Thursday, August 03, 2023

ANNALS OF DeSANTISTAN: AP Psychology effectively banned in Florida because of gender, sexuality chapter (GANNETT/Tallahassee Democrat)

My South Jersey high school superintendent, Dr. Earl P. Mattison, shared this Adlai Stevenson quote in our yearbook: "As scarce as truth is, the supply seems greater than the demand."

Blocking AP Psychology classes?  

This is nuts.  

It makes Florida look stupider.

This is not about parents' rights -- this is about right-wing government control of public schools. 

Fanatical Puritanical GQP arachnid apparatchiks and hick hack harridan histrionics.  Ninnies, boobies and sad sacks apparently still have the ear of our Boy Governor and his henchmen. 


From GANNETT/Tallahassee Democrat:

AP Psychology effectively banned in Florida because of gender, sexuality chapter

Florida superintendents were advised Thursday by the state to nix their Advanced Placement Psychology classes unless they exclude any topics related to gender or sexuality, according to The College Board, which oversees the AP program.

Such a shift would mean the courses couldn't be called Advanced Placement, however, or used by students to earn college credit, the College Board said. And the organization is advising Florida districts not to offer the class until the state reverses its decision, saying any AP Psychology course taught in Florida will violate either state law or college requirements.

"We are sad to have learned that today the Florida Department of Education has effectively banned AP Psychology in the state by instructing Florida superintendents that teaching foundational content on sexual orientation and gender identity is illegal under state law," the College Board said. "The state has said districts are free to teach AP Psychology only if it excludes any mention of these essential topics."

In June, the College Board said it would not alter the popular AP Psychology classafter the state asked the organization to review all AP courses to see if they "need modification to ensure compliance" with a Florida law and state Board of Education rule targeting instruction on sexual orientation and gender identity.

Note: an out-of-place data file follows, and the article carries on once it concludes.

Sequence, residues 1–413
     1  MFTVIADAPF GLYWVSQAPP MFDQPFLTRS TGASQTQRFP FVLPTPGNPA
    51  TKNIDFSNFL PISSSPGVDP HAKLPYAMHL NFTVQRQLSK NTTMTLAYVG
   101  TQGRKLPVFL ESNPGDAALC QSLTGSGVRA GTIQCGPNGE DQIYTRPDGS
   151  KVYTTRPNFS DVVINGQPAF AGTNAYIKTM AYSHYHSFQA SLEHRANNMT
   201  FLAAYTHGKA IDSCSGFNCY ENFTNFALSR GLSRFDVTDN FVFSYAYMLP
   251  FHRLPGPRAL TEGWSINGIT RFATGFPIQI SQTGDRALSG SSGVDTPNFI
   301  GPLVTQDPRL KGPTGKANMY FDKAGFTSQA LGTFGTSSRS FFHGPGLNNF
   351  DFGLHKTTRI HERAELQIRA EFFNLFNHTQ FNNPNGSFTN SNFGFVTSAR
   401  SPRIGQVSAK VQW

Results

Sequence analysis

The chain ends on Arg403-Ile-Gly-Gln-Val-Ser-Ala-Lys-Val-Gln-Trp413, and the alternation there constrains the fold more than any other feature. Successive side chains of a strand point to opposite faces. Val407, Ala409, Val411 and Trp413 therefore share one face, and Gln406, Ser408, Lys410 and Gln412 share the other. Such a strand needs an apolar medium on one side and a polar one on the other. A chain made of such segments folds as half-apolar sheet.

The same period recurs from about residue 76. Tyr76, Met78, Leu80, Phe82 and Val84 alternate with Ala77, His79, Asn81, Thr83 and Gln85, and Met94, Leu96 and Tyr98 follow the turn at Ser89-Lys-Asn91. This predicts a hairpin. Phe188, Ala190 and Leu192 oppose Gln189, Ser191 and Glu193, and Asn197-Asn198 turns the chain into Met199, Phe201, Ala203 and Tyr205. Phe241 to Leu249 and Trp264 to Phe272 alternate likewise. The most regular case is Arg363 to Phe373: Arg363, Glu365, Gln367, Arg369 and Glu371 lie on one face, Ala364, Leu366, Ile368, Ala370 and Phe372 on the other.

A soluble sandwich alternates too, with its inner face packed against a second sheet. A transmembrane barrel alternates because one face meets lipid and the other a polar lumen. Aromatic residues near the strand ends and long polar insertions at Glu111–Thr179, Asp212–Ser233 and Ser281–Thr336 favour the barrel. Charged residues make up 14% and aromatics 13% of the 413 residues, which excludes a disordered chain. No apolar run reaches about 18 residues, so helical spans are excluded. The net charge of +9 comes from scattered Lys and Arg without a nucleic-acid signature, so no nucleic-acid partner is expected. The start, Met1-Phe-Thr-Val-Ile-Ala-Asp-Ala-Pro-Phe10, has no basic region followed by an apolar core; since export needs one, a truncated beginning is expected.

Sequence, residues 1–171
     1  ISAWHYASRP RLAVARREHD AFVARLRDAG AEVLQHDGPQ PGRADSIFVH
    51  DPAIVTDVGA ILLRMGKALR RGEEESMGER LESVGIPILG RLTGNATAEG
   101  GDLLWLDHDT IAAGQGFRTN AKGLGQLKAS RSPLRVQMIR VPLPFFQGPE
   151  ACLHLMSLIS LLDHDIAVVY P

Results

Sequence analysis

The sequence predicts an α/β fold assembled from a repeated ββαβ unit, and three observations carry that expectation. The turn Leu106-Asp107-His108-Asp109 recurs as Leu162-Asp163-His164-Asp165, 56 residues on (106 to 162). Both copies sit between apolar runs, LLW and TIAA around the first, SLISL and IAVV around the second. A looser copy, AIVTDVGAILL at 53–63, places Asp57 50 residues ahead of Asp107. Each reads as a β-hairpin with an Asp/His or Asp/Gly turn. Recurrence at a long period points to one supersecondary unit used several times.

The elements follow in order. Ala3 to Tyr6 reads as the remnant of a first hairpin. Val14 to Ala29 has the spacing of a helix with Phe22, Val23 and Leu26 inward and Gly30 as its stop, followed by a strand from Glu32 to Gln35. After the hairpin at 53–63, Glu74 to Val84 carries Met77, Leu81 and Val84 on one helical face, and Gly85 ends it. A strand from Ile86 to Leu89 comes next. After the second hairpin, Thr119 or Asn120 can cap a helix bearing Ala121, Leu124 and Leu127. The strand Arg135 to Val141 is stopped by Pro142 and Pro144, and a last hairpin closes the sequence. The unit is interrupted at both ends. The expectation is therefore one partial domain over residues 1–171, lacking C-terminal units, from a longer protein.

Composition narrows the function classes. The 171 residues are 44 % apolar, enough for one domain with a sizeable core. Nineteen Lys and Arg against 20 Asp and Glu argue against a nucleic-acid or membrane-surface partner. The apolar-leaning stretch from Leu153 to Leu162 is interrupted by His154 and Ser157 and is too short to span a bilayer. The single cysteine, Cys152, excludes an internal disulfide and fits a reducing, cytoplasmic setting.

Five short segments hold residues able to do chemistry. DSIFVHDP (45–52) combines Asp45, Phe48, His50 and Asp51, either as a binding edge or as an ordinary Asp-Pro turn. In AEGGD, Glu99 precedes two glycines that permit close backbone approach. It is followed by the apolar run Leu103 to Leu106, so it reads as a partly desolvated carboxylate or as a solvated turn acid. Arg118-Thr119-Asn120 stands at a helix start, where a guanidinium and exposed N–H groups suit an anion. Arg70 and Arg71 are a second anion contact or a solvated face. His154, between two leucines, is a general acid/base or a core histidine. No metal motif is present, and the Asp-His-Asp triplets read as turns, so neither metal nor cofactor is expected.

Florida's school superintendents learned of the state education department's decision in a conference call Thursday morning. The news means school districts may have to quickly rejigger many students' schedules just days before the start of a new school year. This fall, about 30,000 students were enrolled to take the course statewide, the College Board said.

"We have heard from teachers across Florida who are heartbroken that they are being forced to drop AP and instead teach alternatives that have been deemed legal because the courses exclude these topics," said the nonprofit, which also administers the SAT.

The College Board isn't having it: Gov. Ron DeSantis wants to scrub AP classes of LGBTQ subjects. 

Florida to College Board: 'Stop playing games'

The state education agency in a statement blamed the last-minute change on the College Board's refusal to comply with Florida law, saying the organization was forcing school districts to prevent students from taking the class.

"The Department didn’t 'ban' the course," Deputy Director of Communications Cassie Palelis wrote. The class is still listed in Florida’s Course Code Directory for the 2023-2024 year.

"We encourage the College Board to stop playing games with Florida students and continue to offer the course and allow teachers to operate accordingly," she said. "The other advanced course providers (including the International Baccalaureate program) had no issue providing the college credit psychology course."

'Very frustrating': Students react to shifting access to AP Psychology

In the state capital of Tallahassee, a spokesperson for Leon County Schools said the district planned to offer the class at all six of its high schools this fall, and as of Thursday, 381 students were set to take the course.